JMRboosties JMRboosties - 1 year ago 168
Java Question

Setting an enum by using an int specific to that enum?

Hey all. So I have a set of enums and a db with integers corresponding to those enums. Something like this, for example:

public static enum Day {

public final int fId;

private Day(int id) {
this.fId = id;

I also have a database which only refers to these days by integers, which correspond to their int in the enum set above. What I am looking to do is query a database, which will return an integer, and then set an enumerator to an object based on that integer returned from the db. I could do something like this:

public static Day getDay(int i) {
switch(i) {
case 1:
return Day.SUNDAY;
case 2:
return Day.MONDAY;
//And so on

But for an enum set with over 100 enums inside this doesn't seem very practical.

So is there a way to do this? Again my goal is to simply insert an int value and get back an enumerator without having to create a new method for the many enums in this set. Maybe I should just make this its own class rather than an enumerator, but I was hoping to do it this way. Thanks!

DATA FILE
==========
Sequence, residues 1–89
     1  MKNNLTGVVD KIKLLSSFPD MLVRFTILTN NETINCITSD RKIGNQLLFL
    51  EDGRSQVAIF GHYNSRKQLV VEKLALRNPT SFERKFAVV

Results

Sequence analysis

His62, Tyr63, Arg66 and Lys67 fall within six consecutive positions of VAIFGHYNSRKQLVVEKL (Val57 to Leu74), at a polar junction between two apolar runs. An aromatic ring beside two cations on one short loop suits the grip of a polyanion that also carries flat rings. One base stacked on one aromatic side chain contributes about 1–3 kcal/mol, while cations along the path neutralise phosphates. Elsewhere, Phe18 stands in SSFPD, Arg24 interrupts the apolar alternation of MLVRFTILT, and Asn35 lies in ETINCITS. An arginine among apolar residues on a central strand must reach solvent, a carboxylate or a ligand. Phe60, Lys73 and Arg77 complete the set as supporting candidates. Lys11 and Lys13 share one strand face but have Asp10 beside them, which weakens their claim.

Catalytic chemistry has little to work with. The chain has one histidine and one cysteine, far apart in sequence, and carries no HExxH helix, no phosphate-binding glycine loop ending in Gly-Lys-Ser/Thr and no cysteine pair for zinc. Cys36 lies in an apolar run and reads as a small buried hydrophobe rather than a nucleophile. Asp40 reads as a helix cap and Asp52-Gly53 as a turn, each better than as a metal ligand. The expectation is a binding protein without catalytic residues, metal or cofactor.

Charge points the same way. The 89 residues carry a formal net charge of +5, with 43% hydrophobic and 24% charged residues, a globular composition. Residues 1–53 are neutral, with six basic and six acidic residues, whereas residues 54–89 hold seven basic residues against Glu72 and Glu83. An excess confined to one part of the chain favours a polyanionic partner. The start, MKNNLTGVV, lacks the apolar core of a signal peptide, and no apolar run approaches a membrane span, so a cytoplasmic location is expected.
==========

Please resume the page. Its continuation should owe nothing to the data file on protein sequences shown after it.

Answer Source

Enums have a built-in ID number, the "ordinal," that you can use for this purpose, as long as you have an easy way to get from the number that represents a given value in the database to the ordinal of the enum. Ordinals are assigned to enum values in the order they are declared in the source file, starting from 0, so in your example, SUNDAY would have an ordinal of 0, MONDAY of 1, etc.

In order to use this, you just have to convert the integer stored in the database to its corresponding ordinal, and then use it to access the enum value. So for your example, an implementation might be

private static Day[] values = Day.values();
public static Day getDay(int i) {
    return values[i - 1];

If the order of the enum values according to their database IDs is the same order with which they are declared in the source code, then you can pretty much just use the above method as-is (except for changing the class name). Otherwise, you may have to do something a little more complicated to map database values to ordinals; perhaps setting up an array, if the mapping is highly nonlinear.

P.S. And of course if you do this, there would be no use for the fId field.

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